The Court also pointed out that the additional premium expense for the custom feeding endorsement was so minimal that it did not “correlate with the substantially elevated risk they [the defendant] would have assumed if they [the defendant] had removed all exclusions touching upon the Boelmans’ custom farming operation.” However, the Court made this relation between premium paid and risk assumed without such evidence being in the record. What the Court did not make mention of (even though it had such information) was that the defendant or its agent had whited-out the additional premium on the declaration page of the policy, making it look as if the plaintiffs had paid nothing additional for the custom feeding endorsement.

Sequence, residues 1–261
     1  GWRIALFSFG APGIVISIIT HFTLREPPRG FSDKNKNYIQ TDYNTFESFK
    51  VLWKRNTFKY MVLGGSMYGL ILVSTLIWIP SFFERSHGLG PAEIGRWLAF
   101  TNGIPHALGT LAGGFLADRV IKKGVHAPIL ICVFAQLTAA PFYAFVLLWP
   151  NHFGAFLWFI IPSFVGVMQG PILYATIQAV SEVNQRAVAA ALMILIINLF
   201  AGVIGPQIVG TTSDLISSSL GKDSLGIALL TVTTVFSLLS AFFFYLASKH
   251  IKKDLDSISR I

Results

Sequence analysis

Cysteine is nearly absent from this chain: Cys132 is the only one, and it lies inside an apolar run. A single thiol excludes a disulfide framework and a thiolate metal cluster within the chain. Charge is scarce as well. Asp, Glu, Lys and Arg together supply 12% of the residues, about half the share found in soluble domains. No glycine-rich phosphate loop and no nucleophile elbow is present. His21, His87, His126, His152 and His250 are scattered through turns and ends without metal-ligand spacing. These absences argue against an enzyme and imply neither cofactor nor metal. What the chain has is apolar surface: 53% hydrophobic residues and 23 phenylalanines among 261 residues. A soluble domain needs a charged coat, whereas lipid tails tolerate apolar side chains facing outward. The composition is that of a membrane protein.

The Court’s opinion is highly suspect on several counts for the legal reasoning employed. The tactics employed by the defendant would also appear to be a poor business decision. The defendant could have simply paid the relatively small amount claimed under the policy and change the policy language to clear up any confusion. Indeed, the defendant now sells another endorsement that covers livestock death by suffocation. Boelman v. Grinnell Mutual Reinsurance Co., No. 11-0570, 2013 Iowa Sup. LEXIS 9 (Iowa Sup. Ct. Feb. 1, 2013).